Top of Form
Bottom of Form
Unit 6 Organizational Structure And Design
Organizational structural design involves the managerial structure of the organization and how work is grouped or organized (Rainey, 2003). The unique environment posed by public agencies includes government oversight but frequently does not include financial performance indicators regarding earnings. Controlling spending and remaining in budget are realistic financial measures.
Leveraging information technology to increase efficiency as well as improve customer service and customer satisfaction is an additional challenge to the public administrator.
Rainey, H. G. (2003). Understanding and managing public organizations. Hoboken, NJ: Jossey-Bass.
To successfully complete this learning unit, you will be expected to:
- Analyze the organizational structure of a public agency.
- Analyze the challenges and opportunities for applying Web-based technologies.
- LEARNING ACTIVITIES
[u06s1] Unit 6 Study 1
Organizational Structure Flashcards
Launch Flashcards | Transcript
Read Chapter 8, "Organizational Structure, Design, Technology, and Information Technology" pages 208–256 in the Rainey text.
Read the McGuigan article, "Information technology and electronic government: Benefits and challenges to public administration."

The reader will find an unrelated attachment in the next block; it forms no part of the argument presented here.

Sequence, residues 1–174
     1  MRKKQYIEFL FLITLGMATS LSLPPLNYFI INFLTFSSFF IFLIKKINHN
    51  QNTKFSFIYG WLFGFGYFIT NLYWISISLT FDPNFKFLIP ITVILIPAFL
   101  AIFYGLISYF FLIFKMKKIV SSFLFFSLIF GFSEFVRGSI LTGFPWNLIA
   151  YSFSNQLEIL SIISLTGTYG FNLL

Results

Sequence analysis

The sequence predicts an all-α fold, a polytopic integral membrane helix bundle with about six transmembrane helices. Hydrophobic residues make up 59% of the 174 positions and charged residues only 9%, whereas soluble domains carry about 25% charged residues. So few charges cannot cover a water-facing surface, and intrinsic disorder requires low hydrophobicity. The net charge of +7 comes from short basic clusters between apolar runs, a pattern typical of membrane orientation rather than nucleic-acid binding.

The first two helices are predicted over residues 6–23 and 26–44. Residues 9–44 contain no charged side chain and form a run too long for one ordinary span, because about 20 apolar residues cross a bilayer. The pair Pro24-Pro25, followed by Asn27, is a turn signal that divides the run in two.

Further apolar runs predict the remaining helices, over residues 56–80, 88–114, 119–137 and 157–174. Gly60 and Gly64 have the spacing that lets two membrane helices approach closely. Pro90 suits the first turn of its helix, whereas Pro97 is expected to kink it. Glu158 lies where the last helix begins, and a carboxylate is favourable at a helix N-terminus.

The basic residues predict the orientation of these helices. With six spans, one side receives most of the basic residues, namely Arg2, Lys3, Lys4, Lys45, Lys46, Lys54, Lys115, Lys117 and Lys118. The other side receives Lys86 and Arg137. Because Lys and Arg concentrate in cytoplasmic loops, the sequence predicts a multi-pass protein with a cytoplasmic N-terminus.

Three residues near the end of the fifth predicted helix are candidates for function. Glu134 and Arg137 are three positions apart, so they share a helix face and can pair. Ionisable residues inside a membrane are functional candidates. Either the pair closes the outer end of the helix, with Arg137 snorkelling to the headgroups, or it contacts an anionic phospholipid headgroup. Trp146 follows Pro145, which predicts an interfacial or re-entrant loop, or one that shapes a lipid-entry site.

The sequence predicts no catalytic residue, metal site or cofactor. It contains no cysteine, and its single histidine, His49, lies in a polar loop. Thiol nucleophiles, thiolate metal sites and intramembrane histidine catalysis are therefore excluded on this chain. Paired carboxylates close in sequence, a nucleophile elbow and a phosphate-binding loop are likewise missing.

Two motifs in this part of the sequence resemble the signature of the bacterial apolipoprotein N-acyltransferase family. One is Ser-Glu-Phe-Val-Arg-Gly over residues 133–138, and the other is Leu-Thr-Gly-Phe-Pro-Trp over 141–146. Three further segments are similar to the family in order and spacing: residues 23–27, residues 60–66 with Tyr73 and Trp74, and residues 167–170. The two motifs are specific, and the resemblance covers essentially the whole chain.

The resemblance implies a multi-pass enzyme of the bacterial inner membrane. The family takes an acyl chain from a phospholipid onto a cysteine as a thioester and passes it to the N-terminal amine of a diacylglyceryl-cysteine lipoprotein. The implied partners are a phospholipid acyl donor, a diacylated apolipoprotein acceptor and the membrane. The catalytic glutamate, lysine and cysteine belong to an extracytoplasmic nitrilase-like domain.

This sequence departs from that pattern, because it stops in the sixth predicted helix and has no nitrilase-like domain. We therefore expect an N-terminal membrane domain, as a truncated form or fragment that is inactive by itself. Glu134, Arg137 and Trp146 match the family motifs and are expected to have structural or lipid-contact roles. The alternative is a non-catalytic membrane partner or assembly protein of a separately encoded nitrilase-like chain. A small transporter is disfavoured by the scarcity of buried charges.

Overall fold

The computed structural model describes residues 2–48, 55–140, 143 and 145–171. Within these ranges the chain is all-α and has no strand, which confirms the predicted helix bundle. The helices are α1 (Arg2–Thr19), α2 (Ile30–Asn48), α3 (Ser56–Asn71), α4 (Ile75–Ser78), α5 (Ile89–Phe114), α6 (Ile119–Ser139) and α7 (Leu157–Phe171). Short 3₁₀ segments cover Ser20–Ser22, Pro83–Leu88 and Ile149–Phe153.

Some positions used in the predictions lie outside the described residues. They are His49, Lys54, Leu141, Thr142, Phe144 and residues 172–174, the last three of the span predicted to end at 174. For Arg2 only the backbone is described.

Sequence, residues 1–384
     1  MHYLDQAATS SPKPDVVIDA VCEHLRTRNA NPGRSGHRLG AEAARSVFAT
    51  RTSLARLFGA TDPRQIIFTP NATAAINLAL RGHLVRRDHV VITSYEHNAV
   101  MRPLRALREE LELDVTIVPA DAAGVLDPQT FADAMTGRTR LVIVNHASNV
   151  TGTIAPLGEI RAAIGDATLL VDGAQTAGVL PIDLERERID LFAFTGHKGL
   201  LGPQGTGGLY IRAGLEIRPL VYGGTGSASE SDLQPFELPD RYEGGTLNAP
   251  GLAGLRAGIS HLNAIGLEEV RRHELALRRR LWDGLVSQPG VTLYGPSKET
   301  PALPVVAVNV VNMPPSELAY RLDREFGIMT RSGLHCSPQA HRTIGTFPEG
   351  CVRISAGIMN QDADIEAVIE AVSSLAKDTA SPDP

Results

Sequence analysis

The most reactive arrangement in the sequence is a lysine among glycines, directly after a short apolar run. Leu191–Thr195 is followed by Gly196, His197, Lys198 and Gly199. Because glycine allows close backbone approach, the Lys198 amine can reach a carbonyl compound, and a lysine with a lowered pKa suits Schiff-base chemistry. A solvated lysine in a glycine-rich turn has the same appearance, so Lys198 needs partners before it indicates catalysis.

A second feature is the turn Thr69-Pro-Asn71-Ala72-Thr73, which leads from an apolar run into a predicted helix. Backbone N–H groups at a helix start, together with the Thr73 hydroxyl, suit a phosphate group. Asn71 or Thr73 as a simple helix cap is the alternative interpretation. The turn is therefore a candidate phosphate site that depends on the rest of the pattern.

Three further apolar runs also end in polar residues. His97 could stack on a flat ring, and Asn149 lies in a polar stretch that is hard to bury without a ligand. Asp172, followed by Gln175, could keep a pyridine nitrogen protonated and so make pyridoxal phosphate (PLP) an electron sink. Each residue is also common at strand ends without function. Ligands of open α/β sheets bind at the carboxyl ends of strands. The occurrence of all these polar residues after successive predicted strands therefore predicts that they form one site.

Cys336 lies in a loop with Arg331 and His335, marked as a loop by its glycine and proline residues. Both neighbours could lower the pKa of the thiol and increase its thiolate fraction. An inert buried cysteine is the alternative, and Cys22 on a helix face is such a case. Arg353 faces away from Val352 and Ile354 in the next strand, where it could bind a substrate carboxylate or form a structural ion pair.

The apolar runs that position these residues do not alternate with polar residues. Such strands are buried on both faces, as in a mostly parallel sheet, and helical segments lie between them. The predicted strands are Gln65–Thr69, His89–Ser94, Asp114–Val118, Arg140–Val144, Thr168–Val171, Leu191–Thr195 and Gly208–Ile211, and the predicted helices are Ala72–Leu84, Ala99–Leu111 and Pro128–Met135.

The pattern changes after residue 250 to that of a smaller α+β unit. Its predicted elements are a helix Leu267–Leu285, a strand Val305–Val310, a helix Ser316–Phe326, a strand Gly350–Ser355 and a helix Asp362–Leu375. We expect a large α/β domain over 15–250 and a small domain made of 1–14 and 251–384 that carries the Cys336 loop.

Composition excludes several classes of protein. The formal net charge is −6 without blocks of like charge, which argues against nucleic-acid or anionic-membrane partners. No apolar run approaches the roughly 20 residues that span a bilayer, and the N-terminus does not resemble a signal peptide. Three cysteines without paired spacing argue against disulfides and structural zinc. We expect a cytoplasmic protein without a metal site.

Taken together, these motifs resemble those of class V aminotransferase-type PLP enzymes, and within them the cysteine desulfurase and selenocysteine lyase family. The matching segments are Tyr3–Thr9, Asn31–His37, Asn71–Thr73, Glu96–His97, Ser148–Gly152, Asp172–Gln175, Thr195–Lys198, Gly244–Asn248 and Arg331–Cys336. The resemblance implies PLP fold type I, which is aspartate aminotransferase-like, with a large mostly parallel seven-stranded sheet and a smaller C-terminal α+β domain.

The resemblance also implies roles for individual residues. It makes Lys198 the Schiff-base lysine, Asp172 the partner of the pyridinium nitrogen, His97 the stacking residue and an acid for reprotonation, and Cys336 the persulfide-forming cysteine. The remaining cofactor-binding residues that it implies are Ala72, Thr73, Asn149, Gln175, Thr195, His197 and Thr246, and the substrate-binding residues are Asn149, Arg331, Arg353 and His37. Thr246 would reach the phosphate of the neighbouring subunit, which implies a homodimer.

Global Society, Absolutism, and Relativism
Discussion question 1
Being part of a global society means that we as public administrators may interact with our counterparts around the world, multicultural and diverse populations at home, and people of different perspectives and beliefs in our workplaces. Using the text and at least three peer-reviewed sources, debate the following question: Are there absolute ethical beliefs that cross all societal boundaries, or is ethics relative? Argue and support your position, and then argue and support the opposite viewpoint. Remember to cite all sources used in your analysis.
Discussion is due on May 20, 2015 @ 3:00pm
Discussion question 2
Freedom of the Press
There is a long-held journalistic tradition that the press reports the facts of a situation and these facts lead us to the truth. Some argue, however, that in their rush to articulate the truth, the press has let the facts recede too far into the background. The problem has become not so much the reporting of facts, but the question of how reporters determine the truth. From Watergate through numerous government failures and public figure scandals, the media has played an ever-increasing role in the activities and influences of the public sector.
For this discussion:
1. Identify an example of freedom of the press in relation to a government entity or a public sector figure.
2. Analyze any issues of censorship, cover-up, or pressure tactics that may have come into play.
3. Describe the ethical implications of the media and its positive or negative influence in this case.
4. Comment on issues of integrity for the government entity or public sector figure.
5. Define corrective measures that would address any ethical issues that you have identified.